JOINT BASE SAN ANTONIO-CAMP BULLIS, Texas — Instructors, drill sergeants and newly graduated combat medics recently spent the day with 200 Junior Reserve Officer Training Corps cadets from San Antonio’s North East Independent School District at JBSA-Camp Bullis.
On the last day of their week-long JROTC Cadet Leadership Challenge, NEISD cadets participated in four different training events set up by the U.S. Army Medical Center of Excellence drill sergeants and instructors who work in the field training environment at JBSA-Camp Bullis. Under the supervision of their JROTC instructors, students rotated between a modified Army Combat Fitness session, an aid station, prolonged field care training and a litter obstacle course.
“Events like this are so important; in fact, the entire JCLC is important for cadets that are moving into leadership roles in the next school year,” Maj. Jamelle Garner, senior Army instructor at Theodore Roosevelt High School explained. “It builds their confidence and gives them an opportunity to assume leadership roles, so when they go into the school year, they are able to effectively run their individual, independent JROTC battalions.”
Cadets were taken through a stretching and warm-up routine, and then participated in the standing power throw, hand release pushup, and deadlift portions of the ACFT. Drill sergeants walked the students through each exercise and provided encouragement and motivation. They also gave students a chance to practice facing movements, march in place and respond to the drill sergeants’ cadence calls.
Upon arriving at the aid station area, the instructors taught the students the basic principles of carrying a litter, principles of battlefield triage, how to approach the aid station triage medic to give a patient report, and how to use materials at hand to tie a makeshift tourniquet.
Prolonged Field Care
Cadets received Stop The Bleed training from Soldiers with the Brigade Combat Team Trauma Training, a mobile training team who travels to units across the Army to provide advanced training to combat medics. Stop The Bleed training teaches anyone how to assess and manage bleeding in the case of accident or injury, and it also provides hands-on training through the use of training mannequins. Students learned how to properly use and apply a tourniquet, how to pack and apply pressure to a wound, and how to maintain that treatment until first responders arrive.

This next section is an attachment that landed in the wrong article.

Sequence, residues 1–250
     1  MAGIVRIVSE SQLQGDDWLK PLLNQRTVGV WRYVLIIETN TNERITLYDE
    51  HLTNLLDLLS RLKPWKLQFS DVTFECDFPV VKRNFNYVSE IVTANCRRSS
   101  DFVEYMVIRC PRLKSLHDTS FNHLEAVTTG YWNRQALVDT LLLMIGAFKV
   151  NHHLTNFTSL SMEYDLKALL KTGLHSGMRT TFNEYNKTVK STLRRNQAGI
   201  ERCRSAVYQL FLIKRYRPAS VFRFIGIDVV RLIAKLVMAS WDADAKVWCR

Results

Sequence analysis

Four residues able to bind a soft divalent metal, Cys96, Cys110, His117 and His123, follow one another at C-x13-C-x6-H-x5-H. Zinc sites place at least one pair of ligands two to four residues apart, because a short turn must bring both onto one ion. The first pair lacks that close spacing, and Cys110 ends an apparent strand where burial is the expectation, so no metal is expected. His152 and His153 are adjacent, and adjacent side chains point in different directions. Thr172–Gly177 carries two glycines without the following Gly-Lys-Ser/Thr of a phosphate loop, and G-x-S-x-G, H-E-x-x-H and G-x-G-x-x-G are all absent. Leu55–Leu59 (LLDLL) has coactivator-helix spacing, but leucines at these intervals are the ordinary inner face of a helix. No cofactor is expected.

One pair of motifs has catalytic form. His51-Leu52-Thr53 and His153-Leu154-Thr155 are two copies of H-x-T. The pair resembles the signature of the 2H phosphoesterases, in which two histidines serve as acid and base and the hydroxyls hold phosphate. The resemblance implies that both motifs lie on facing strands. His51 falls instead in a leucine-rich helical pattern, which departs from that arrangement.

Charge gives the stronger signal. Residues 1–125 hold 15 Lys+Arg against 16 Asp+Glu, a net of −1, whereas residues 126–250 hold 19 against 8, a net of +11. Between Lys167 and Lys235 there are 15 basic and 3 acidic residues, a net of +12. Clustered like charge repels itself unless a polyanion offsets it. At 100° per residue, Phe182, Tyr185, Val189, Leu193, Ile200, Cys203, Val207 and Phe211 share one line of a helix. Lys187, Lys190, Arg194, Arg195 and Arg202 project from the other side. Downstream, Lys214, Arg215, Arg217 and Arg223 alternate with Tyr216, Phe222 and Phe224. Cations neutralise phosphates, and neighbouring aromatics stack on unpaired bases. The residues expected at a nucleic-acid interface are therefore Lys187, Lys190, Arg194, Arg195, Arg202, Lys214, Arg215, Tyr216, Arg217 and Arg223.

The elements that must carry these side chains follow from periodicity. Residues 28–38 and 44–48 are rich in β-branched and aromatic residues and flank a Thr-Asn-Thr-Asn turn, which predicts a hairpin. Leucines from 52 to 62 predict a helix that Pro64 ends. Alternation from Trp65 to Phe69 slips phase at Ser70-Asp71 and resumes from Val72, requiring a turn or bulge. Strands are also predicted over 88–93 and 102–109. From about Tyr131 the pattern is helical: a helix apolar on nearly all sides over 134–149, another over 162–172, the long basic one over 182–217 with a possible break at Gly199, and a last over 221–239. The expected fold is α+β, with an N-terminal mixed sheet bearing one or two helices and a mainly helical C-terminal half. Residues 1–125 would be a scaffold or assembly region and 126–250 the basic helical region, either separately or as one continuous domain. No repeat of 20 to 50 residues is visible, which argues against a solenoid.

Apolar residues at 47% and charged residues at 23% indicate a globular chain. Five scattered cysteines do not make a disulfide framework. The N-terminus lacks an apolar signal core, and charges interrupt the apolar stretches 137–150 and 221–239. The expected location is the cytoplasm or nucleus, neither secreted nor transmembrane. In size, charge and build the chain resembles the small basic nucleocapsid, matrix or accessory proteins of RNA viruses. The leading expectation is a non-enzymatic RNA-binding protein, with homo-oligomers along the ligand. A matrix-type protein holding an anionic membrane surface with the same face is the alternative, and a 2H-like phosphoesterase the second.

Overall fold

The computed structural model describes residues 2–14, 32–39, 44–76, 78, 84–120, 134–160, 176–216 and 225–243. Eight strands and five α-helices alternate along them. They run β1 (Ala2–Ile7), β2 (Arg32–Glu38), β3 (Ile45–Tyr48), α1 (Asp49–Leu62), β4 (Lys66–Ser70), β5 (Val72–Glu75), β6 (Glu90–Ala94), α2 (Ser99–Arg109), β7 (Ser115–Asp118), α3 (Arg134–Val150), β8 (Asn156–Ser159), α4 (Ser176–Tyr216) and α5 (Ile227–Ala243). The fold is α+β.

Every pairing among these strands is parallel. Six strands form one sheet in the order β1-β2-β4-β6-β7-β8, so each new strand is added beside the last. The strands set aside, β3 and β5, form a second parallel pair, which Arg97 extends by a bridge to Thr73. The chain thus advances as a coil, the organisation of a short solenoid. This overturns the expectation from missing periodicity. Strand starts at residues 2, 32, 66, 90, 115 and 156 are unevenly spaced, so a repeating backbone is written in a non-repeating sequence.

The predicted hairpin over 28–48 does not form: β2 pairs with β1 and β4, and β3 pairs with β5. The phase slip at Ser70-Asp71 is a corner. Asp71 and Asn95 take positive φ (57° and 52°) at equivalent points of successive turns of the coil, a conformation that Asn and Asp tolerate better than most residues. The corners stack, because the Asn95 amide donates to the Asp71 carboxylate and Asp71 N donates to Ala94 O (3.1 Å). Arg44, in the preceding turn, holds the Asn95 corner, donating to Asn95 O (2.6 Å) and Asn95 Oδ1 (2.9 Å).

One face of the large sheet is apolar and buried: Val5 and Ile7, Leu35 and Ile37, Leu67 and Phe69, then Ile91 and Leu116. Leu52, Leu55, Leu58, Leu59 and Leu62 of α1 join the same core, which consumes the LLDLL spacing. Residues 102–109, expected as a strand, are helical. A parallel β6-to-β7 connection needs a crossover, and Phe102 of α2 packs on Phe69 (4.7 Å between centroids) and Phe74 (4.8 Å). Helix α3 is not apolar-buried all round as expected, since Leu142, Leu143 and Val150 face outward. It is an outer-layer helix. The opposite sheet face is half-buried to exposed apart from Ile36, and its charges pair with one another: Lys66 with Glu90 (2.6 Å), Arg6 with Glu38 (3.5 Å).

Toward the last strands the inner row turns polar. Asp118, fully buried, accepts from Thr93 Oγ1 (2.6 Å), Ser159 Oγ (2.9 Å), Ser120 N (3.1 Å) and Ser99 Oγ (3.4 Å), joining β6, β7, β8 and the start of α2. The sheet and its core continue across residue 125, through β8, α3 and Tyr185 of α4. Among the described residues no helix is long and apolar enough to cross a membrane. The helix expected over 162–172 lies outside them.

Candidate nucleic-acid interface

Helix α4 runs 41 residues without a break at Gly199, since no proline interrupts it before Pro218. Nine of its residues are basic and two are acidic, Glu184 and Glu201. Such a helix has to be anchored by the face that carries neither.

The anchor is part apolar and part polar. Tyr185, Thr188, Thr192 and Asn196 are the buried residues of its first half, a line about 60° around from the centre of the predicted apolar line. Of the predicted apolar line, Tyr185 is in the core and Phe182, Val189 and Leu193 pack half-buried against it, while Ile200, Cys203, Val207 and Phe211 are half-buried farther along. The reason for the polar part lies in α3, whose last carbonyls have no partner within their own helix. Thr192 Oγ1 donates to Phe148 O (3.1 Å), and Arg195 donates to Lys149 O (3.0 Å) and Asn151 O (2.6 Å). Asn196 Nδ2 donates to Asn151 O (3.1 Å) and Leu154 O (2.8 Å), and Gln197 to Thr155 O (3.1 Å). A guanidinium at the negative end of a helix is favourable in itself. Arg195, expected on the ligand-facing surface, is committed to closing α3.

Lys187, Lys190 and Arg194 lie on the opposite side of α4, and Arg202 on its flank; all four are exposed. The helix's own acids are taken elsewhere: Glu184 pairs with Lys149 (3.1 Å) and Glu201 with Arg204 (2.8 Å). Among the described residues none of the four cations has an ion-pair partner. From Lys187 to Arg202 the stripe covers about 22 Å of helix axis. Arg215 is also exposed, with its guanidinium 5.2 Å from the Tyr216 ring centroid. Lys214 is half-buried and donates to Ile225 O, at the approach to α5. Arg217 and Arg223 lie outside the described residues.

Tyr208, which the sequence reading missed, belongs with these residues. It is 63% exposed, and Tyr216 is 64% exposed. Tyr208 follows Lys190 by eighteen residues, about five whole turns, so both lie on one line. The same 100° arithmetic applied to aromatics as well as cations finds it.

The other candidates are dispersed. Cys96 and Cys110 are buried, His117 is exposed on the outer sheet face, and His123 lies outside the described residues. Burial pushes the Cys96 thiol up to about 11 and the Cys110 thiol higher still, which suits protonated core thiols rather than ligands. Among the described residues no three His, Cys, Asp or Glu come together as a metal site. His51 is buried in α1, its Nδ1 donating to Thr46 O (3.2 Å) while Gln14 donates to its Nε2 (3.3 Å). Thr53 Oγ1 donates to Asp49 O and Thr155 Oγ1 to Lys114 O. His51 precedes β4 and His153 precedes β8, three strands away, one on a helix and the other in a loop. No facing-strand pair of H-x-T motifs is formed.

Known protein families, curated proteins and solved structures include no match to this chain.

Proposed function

Modified Litter Obstacle Course
During the obstacle course, cadets in teams of four practiced transporting a patient through different simulated adverse conditions. They learned how to load and unload a litter into a helicopter, how to low crawl beneath barbed wire, travel up and down stairs and over a “bridge” while carrying a patient on a stretcher. Recent graduates of the 68W Combat Medic Specialty Program Training led the cadets through the different tasks safely and demonstrated the obstacles that were omitted from the modified course.
Tiergan Smith, JROTC Battalion executive officer at Canyon Lake High School, enjoyed meeting cadets from different schools and learning from instructors who teach the combat medics currently serving in the U.S. Army.
“We went to a medical side of the base where they train the combat medics,” Smith said, “and just knowing that a lot of the combat medics who go into the military went through there makes it really special for us and makes me really value the fact that they brought us here.”
During downtime between events, cadets asked questions about Army life and what it’s like to be a Soldier in a medical specialty field; recruiters from the San Antonio Recruiting Battalion were on hand to handle any questions about other professions in the Army.
“I received many questions from students as to why I chose the Army and why I like the Army so much,” Staff Sgt. Fatima Heredia, Rolling Oaks Recruiting Station commander, said. “Honestly, the Army is a great foundation that has provided me a lot of opportunities and growth. It has paid for my schooling, I have a bachelor’s degree with no debt, and it has paid for my IT certifications such as Security Plus, Network Plus and Cisco Cert.”
On average, MEDCoE trains more than 30,000 students every year in 192 health-related programs of instruction, including all the Army’s medical professionals.
Sgt. 1st Class John P. Bell, from MEDCoE, who was integral to the planning and preparation of the day, sees the value of outreach opportunities like this.
“Events like Army Day are important because it affords us the opportunity to showcase the industry-leading training we develop and conduct at the Medical Center of Excellence among the various branches within the U.S. Army Medical Department. We can speak with expertise on the tactical and technical subjects of each medical career field and highlight the benefits that Army Medicine provides across the world,” Bell explained.
Bell hopes it can become an annual event and a lasting partnership with local schools and NEISD.
“I am especially grateful to (retired) Col. William LaChance and the NEISD JROTC for giving MEDCoE the opportunity to demonstrate what Army Medicine is — beyond what people remember from movies and television — where we can provide interactive and practical exercises for cadets to participate and expand their understanding of the medical field and the U.S. Army as a whole.”